King David asked G‑d why He created insanity. What purpose does it serve in this world?

I had an encounter with a woman, a brilliant and talented woman, who unfortunately went through some extremely challenging things in her life that left her in a very sad state, mentally and emotionally. She lived in the Chabad center where I worked, but we rarely ever saw her, save for the few times a day when she came outside for a smoke, wearing dirty pajamas andShe had a reputation for being scared of people mumbling to herself. She had a reputation for being scared of people, but to be honest, I and all the other girls who worked there were a bit frightened of her.

We happened to cross paths one day, so, feeling sorry for her, I stopped to chat. I guess she was experiencing a brief moment of sanity, because she agreed to talk to me, and not to herself for a change. It is tragic to see a human being left with no real life and no dignity, but I could tell from our short conversation that there was still some vestige of that brilliance, poise and eloquence that she once had, which made her current state even more tragic.

“So,” I said, wondering how someone with so much could have fallen so low, “what did you study?”

“I was a graphic designer, a mediocre one though.” (I later learned that she had been far from mediocre.)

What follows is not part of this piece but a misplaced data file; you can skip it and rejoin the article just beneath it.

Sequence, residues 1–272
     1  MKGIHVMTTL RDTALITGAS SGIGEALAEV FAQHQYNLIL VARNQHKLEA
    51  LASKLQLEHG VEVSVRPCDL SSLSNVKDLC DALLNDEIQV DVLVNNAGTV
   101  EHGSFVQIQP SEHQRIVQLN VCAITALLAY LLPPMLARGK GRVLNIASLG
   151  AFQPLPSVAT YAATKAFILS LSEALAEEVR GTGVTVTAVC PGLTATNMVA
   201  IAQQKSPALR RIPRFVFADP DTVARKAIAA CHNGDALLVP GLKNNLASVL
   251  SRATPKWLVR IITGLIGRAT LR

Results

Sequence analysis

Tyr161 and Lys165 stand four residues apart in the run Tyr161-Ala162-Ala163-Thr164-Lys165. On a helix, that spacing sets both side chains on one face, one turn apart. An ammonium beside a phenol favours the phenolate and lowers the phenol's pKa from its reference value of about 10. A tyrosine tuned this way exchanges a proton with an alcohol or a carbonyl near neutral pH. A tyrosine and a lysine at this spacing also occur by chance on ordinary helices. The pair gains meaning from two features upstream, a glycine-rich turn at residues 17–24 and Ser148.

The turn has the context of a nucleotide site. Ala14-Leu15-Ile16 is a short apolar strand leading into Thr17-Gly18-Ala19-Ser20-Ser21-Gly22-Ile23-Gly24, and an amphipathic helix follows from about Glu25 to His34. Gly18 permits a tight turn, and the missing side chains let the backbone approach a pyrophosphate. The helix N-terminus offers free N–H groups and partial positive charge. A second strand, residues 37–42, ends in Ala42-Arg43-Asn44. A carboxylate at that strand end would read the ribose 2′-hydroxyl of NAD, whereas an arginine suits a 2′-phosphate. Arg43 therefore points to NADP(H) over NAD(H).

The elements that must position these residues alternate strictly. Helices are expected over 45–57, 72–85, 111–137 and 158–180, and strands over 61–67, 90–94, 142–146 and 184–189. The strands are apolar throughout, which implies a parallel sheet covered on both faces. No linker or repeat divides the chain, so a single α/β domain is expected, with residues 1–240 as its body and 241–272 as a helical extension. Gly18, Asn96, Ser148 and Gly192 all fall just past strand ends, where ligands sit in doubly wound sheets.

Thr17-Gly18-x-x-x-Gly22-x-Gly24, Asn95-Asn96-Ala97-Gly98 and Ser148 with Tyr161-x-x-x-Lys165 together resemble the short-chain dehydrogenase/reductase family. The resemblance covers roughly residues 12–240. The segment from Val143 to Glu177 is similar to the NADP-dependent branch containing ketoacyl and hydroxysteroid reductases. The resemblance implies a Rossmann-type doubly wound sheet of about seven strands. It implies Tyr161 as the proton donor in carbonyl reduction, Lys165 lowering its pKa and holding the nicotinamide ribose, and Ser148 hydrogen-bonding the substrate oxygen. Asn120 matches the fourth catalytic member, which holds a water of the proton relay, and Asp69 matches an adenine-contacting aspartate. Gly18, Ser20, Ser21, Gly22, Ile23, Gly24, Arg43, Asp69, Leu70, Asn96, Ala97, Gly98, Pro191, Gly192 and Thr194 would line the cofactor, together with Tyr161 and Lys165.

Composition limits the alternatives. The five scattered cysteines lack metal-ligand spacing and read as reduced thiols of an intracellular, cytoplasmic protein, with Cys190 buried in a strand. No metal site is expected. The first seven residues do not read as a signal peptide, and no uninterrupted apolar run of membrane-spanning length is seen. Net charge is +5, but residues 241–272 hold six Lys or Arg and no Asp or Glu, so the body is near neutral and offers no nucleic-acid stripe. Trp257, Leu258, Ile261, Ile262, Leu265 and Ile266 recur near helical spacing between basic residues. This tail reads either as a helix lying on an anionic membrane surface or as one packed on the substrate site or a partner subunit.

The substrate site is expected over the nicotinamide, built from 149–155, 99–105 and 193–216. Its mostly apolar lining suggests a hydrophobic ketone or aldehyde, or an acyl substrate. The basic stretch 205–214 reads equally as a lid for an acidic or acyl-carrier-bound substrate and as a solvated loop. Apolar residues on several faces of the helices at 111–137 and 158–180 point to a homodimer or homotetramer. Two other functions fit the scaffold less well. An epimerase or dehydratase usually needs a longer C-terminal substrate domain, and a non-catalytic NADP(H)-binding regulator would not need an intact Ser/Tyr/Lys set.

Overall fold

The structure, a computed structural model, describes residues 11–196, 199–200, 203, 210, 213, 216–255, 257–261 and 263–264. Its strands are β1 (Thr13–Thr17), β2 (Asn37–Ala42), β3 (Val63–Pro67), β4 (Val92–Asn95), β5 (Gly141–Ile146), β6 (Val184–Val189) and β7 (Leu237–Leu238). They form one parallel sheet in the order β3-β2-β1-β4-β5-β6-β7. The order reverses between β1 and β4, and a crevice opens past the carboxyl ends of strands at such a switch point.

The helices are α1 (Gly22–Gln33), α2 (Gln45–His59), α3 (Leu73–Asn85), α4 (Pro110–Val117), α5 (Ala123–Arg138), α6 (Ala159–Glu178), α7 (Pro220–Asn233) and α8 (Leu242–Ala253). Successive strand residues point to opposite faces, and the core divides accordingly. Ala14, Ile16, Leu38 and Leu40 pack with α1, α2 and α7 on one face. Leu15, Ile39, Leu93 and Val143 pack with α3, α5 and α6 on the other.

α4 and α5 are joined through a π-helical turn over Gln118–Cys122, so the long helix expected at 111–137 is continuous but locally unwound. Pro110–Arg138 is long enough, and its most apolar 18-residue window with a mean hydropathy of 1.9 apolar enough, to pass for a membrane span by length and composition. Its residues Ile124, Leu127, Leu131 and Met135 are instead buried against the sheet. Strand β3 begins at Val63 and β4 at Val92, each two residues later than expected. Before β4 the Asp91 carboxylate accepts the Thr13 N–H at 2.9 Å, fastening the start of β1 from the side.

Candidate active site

“Don’t worry,” I said, attempting to sympathize with her. “I am a teacher, and probably a mediocre one too.”

Then she looked at me, really deeply. “A teacher . . . a mediocre teacher. How can you be just mediocre? You are working with children. You are, without knowing it, changing their lives. You can’t be mediocre.”

Here I was, talking to this woman with long, unkempt hair that looked like a mane, who as far as we knew owned no clothes except for pajamas, whose hands were stained yellow from the cigarettes she chain-smoked. But she was looking at me with such honesty and such conviction, telling me that if you’re changing lives, you can’t be mediocre.If you’re changing lives, you can’t be mediocre

There are times in life when we like to call ourselves mediocre. We don’t believe in ourselves as much as we should, and we are too afraid of our failings to call ourselves excellent. I’m not saying we should be egotistical. But sometimes, we need to look at ourselves and our work, and realize there is no room to view it as mediocre. What we are doing as women, as mothers, as teachers, is just too precious to be given that label. It’s impossible to be perfect. But are we giving ourselves enough credit?

This woman taught me that how we perceive something is how it will be, and sometimes we have a responsibility that is just too great to be called mediocre.